The Urinary System

B. Pimentel, M.D. University of Makati College of Nursing

The Urinary System
STRUCTURE Kidney FUNCTION Filtration, regulation of blood volume, regulation of solutes, pH of extra cellular fluid, RBC synthesis, Vit. D synthesis Urine flows from kidneys to urinary bladder Storage of urine Transports urine out from the urinary bladder

Ureters Urinary bladder Urethra

The Urinary System

Kidneys (Anatomy)
• Bean shaped, retroperitoneal, and located in the superior lumbar region, approx. size 11 x 5 x 3 cm. • Renal capsule – layer of fibrous connective tissue • Perirenal fat (Adipose capsule) – dense layer of adipose tissue, engulfs the renal capsule. (Shock absorber) • Renal fascia – anchors the kidneys and surrounding adipose tissues to the abdominal wall.

Kidneys (Anatomy)
• Hilum – medial side of kidney where the renal artery and nerve enter; renal vein and urethra exit. • Renal sinus – a cavity at the opening of the Hilum filled with fat and connective tissue. • Adrenal (or suprarenal) gland – sits on top of both kidneys

Kidneys (Anatomy)

Kidneys (Internal Anatomy)
A. Cortex B. Medulla C. Pelvis

Kidneys (Internal Anatomy)
A. Cortex
– Superficial region

B. Inner medulla
– Renal pyramids – cone shaped structures that make up the medulla. Medullary rays – extend from the renal pyramids into the cortex.

Kidneys (Internal Anatomy)
– Renal columns – consists of the same tissue as the cortex that projects between the renal pyramids.
• The bases of the pyramids form the boundary between the cortex and the medulla.

– Renal papillae – tips of the pyramids project toward renal sinus.

Kidneys (Internal Anatomy)
C. Pelvis
• Occupies a large portion of the renal sinus An open space which forms the ureter as it exits the kidney Forms the major and minor calyces which enclose the papillae of the renal pyramids

Kidneys (Internal Anatomy)
– Minor calyces – funnel shaped chambers into which the renal papillae extend. – Major calyces – a larger funnel formed by the minor calyces of several pyramids.

Kidneys (Internal Anatomy)
– Each kidney contains 8 to 20 minor calyces and 2 to 3 major calyces. – Renal pelvis – convergence of the major calyces to form this enlarged chamber. – Ureter – narrowed renal pelvis into a small diameter tube exits at the Hilum and connects to urinary bladder.

Kidneys (Blood Supply)

Kidneys (Blood Supply)
• Renal artery - branches from abdominal aorta. • Segmental arteries - diverge from renal arteries. • Lobar arteries - branch from segmental arteries and ascend within the renal columns toward the renal cortex. • Interlobular arteries - branch to form arcuate arteries which project into cortex.

Kidneys (Blood Supply)
• Arcuate arteries - branch from interlobar arteries, diverge near the base of each renal pyramid and arch over the bases of the pyramids. • Afferent arterioles - branch from interlobular arteries supply blood to the glomerular capillaries. • Efferent arteriole - arise from glomerular capillaries and carry blood away from the glomeruli. • Peritubular capillaries - as efferent arterioles exits the glomerulus joins a plexus of capillaries around the proximal and distal tubules. Low pressure capillaries which are porous aswell.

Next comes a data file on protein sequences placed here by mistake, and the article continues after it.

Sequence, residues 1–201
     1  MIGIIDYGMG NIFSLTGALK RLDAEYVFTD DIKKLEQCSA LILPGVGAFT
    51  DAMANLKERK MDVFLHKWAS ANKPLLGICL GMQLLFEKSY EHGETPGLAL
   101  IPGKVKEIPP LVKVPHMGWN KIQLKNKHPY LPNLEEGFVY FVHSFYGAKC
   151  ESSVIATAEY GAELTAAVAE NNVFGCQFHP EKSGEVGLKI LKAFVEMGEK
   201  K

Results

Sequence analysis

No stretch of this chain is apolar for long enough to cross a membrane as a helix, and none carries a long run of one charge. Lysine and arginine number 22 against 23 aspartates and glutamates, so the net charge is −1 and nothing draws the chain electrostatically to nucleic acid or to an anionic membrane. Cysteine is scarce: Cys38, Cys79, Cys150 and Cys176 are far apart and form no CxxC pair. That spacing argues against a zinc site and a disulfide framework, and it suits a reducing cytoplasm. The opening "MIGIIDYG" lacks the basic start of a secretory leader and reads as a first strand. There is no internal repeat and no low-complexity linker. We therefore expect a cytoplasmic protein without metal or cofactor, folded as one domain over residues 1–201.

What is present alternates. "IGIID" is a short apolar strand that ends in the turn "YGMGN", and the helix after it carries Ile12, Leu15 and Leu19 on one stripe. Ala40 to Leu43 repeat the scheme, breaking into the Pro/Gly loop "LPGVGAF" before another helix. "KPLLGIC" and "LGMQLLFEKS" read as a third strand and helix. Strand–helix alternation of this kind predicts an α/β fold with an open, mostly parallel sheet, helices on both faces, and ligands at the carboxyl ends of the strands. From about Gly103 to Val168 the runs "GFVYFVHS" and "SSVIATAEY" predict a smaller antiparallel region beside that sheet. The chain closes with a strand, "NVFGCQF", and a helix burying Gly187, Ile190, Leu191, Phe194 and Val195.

Kidneys (Blood Supply)

Kidneys (Blood Supply)
• Vasa recta - specialized parts of the peritubullar capillaries that course into the medulla along the loops of Henle and then back toward the cortex. • Interlobular veins - drainage of peritubullar capillaries. • Arcuate veins - drainage of the interlobular veins. • Interlobar veins - drainage of arcuate veins. • Renal vein - drainage of interlobar veins. Exits the kidney at the hilum empties into inferior vena cava.

Kidneys (Blood Supply)

Kidneys (Histology)

Kidneys (Histology)
Nephron
• Histological and functional unit of the kidney. Tube like structure which serves a the site for filtration, reabsorption, and secretion

Kidneys (Histology)
• Juxtamedullary nephron – nephrons whose renal corpuscles lie near the medulla. With long loops of Henle extending deep into the medulla, account for 15% of nephrons. Cortical nephrons – loops of Henle do not extend deep into medulla.

Kidneys (Histology)
• Renal corpuscle – consists of the enlarged end of the nephron (Bowman’s capsule), and a network of capillaries (glomerulus). Bowman’s capsule – enlarged terminal end of the nephron. Indented to form a double walled chamber. Glomerulus – capillary within Bowman’s capsule.

Kidneys (Histology)
Filtration membrane
• Filtration slits – consists of capillary endothelial fenestrae and podocyte cells of the visceral layer of the Bowman’s capsule which wrap around the glomerular capillaries.

Kidneys (Histology)
Afferent arteriole – supplies blood to the glomerulus. Efferent arteriole – drains blood from the capillary.

Kidneys (Histology)
Proximal tubule – simple cuboidal epithelium with microvilli projecting from the luminal surface. Loops of Henle – continuations of the proximal tubules, consists of two loops:
– descending and ascending loops.

Kidneys (Histology)
Descending loop of Henle – first part is similar in structure to the proximal tubule the loop that extends into the medulla become very thin near the end of the loop.
– There is an abrupt change to simple squamous epithelium.

Kidneys (Histology)
Ascending loop – continuous in diameter of the descending loop then thickens with simple cuboidal cells near the renal corpuscle.

Kidneys (Histology)
Distal tubule – shorter than proximal tubules, simple cuboidal epithelium,
– do not posses a large number of microvilli.

Kidneys (Histology)
Collecting ducts – connection of many distal tubules of many nephrons. Forms much of the medullary rays and extend through the medulla towards the tips of the renal pyramids.

Urine Production
• Filtration – movement of fluid across the filtration membrane as a result of a pressure difference.
– Filtrate – fluid entering the nephron.

• Reabsorption – movement of substances from the filtrate back into the blood. • Secretion – active transport of solutes into the nephron

Urine Production

Urine Production (Filtration)
• Renal fraction – the part of the cardiac output that passes through the kidneys. Average 21% of cardiac output. • Filtration fraction – part of the plasma flowing through the kidney that is filtered through the filtration membrane into the lumen of Bowmen’s capsule to become filtrate. • Glomerular filtration rate – the amount of filtrate produced each minute. 120-125ml/min.
– 1 to 2 liters of urine are produced per day.

Urine Production (Filtration)
• Filtration pressure – pressure gradient which forces fluid from the glomerular capillary across the filtration membrane into the lumen of Bowmen’s capsule.
– Smooth muscle in the walls of the afferent and efferent arterioles can alter the vessel diameter and the glomerular filtration pressure. – The diameter of the afferent arteriole is greater than the diameter of the efferent arteriole. – High hydrostatic pressure – Glumerular endothelium is highly permeable